Lawsuits promote reforms in health care safety
CHELSEA CONABOY’S Aug. 18 article and the study it references provide interesting data regarding the relatively few instances in which patients are compensated for harm resulting from medical professionals’ failure to observe rules of safety (“Over career, most doctors in US will face lawsuit,’’ Page A1). However, more emphasis should be placed on the important connection between medical negligence actions and the roles they play in promoting patient safety.
In a study of Medicare patients published in 2010, the US Department of Health and Human Services found that, of the estimated 1 million Medicare patients discharged from the hospital in October 2008, 134,000 were harmed by medical care. Of this number, 44 percent of the errors (or those occurring to approximately 59,000 patients) were considered to be “clearly or likely preventable.’’
A second study published in The New England Journal of Medicine on Nov. 25, 2010, found that 18 percent of the patients studied were harmed by medical care. Of these, 63 percent of the errors and the resulting injuries were found to be preventable. According to an Institute of Medicine study, 98,000 people die each year from medical errors.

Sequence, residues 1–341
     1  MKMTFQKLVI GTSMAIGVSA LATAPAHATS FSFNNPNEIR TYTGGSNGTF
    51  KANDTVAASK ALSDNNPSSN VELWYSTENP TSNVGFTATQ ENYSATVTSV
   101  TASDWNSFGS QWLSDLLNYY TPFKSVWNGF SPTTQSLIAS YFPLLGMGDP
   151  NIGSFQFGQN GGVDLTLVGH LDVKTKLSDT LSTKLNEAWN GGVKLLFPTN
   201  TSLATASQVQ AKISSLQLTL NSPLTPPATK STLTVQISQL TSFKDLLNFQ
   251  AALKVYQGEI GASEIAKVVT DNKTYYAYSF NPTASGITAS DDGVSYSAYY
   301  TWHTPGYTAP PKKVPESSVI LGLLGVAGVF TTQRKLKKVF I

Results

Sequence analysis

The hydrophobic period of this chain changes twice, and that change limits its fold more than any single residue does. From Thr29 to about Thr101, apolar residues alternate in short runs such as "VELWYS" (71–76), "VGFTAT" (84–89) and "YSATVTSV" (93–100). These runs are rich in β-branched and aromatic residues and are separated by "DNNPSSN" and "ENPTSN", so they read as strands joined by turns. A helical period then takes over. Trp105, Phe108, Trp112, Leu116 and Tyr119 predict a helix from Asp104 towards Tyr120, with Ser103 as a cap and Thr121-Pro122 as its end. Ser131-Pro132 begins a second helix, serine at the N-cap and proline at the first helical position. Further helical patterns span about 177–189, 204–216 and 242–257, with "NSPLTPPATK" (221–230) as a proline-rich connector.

In the same way that product liability law has brought us safer cars and toys, medical negligence actions promote reforms in health care safety. Beyond the cold numbers, there are flesh and blood patients and families who put safety in the hands of health care institutions.
Andrew Abraham, President
Massachusetts Academy of Trial Attorneys
Doctors can be traumatized by litigation
RE “OVER career, most doctors in US will face lawsuit’’ (Page A1, Aug. 18): In highlighting the likelihood that a doctor will be sued in his or her career, we shouldn’t miss the extent of the psychological trauma for these individuals, and the impact this has on their careers.
As a psychiatrist who supports physicians through malpractice litigation, I have witnessed how the initiation of a lawsuit on people who have committed themselves, often at tremendous financial and emotional cost, to what is now a grueling and demanding profession is demoralizing and emotionally taxing. More often than not, it may be motivated by a patient’s wish to get compensated for a very unfortunate outcome, often beyond the capacity of the medical system to prevent.
Doctors accused of “intentional harm’’ through a malpractice lawsuit feel shamed, isolated, and terrified. They come to view subsequent patients - individuals whom they are deeply committed to help - as potential adversaries.
The study your article cites helps us understand the urgent need to support our health care providers so that they can continue in their commitment to our health and well being.
Dr. Kenneth M. Settel, Brookline
The writer is a clinical instructor of psychiatry at Harvard Medical School.